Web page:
New Bedford rises up from the harbor to the west. It’s not much of a hill, but it’s just high enough that the sun disappears a quarter of an hour before it would if there were no hill. I walked down to the end of State Pier at about seven thirty, and the sun was no longer visible. One short month from now, the sun will have disappeared a whole hour earlier than. The days shorten so rapidly at this time of year.
Some big dark cumulus clouds had built up late this afternoon, and as I stood at the end of State Pier, they towered over the harbor to the east and south. But the light of the setting sun turned them pink and dark purple, softening them and rendering them less ominous. Straight overhead, a wispy line of cirrus clouds marked the end of cloudiness, with blue sky to the north and west.
It was that soft but vivid slanting light that characterizes New England seascapes. I felt as if I could see every little detail of the boats that were in Kelley’s shipyard, even though they were all the way across the harbor. There was some movement on the harbor: a slow-moving fishing boat, a small water taxi with its turquoise canopy, and way off by the Fairhaven side of the hurricane barrier flashing oars caught the last of the sunlight and showed the presence of one of the whaleboat teams practicing their rowing.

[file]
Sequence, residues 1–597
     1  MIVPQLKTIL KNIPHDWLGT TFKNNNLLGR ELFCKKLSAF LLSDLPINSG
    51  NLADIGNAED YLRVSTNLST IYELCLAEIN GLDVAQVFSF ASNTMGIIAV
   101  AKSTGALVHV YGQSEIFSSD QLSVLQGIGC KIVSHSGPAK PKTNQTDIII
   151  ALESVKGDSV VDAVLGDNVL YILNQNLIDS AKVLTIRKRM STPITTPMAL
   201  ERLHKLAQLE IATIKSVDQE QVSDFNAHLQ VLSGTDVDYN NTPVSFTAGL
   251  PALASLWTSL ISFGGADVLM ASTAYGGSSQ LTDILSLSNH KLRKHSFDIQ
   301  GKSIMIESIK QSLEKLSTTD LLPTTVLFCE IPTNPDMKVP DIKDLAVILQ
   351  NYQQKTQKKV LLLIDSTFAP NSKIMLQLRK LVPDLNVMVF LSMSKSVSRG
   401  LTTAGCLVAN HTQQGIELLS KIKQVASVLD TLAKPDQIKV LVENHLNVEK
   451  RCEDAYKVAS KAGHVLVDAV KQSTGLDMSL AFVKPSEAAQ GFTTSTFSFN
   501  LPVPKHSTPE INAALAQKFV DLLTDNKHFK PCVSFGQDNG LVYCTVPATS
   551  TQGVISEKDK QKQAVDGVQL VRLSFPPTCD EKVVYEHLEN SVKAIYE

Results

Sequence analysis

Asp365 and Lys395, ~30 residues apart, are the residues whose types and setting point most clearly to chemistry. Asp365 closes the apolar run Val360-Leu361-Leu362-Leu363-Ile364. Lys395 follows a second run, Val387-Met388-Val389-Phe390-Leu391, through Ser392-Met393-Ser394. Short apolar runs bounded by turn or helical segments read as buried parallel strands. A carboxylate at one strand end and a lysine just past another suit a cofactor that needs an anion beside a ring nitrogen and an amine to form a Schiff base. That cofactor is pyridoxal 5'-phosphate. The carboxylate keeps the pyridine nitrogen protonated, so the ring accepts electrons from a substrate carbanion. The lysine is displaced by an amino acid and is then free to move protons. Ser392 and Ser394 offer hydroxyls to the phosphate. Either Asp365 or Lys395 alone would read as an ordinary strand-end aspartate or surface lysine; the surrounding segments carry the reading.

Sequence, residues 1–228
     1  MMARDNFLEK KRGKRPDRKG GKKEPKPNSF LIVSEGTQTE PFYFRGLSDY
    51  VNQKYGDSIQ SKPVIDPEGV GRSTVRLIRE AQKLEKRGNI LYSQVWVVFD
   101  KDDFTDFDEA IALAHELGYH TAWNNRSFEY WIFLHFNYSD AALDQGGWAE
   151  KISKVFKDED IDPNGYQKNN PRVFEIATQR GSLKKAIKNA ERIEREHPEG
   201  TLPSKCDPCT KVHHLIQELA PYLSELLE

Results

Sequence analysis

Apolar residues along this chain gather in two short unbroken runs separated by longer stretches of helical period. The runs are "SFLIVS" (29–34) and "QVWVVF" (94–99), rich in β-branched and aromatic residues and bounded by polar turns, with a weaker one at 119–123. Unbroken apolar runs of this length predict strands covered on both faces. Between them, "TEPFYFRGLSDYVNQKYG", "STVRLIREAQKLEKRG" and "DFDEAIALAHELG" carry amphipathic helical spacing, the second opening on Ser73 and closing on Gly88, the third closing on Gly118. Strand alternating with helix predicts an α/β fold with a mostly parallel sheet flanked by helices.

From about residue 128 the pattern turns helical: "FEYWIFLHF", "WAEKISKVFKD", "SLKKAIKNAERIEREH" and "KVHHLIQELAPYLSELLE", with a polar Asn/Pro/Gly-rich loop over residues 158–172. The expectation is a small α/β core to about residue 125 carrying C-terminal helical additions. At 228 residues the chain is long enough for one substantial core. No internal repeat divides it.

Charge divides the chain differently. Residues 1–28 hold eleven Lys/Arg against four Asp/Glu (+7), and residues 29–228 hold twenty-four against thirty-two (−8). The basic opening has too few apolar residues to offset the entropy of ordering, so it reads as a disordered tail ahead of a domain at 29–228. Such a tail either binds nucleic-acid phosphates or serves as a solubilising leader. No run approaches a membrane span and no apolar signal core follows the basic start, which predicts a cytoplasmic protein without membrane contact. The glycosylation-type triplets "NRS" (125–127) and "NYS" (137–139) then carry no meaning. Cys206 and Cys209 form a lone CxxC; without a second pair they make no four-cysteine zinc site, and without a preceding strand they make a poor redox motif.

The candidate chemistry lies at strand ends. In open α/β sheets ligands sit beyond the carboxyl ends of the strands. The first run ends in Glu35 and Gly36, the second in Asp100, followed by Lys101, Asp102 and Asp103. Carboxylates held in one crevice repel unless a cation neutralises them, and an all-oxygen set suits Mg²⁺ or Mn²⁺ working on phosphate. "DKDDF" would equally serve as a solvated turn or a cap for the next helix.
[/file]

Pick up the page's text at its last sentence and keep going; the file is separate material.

The clouds were amazing, but really too amazing to look at for very long. All the poignancy of late summer rose up in me, and I turned and walked home to cook some dinner. The bulk of the Whaling Museum loomed up as I got closer to home, its sperm whale weather vane now pointing its snout towards the north-northwest, or even north-by-west: the cold front had gone through.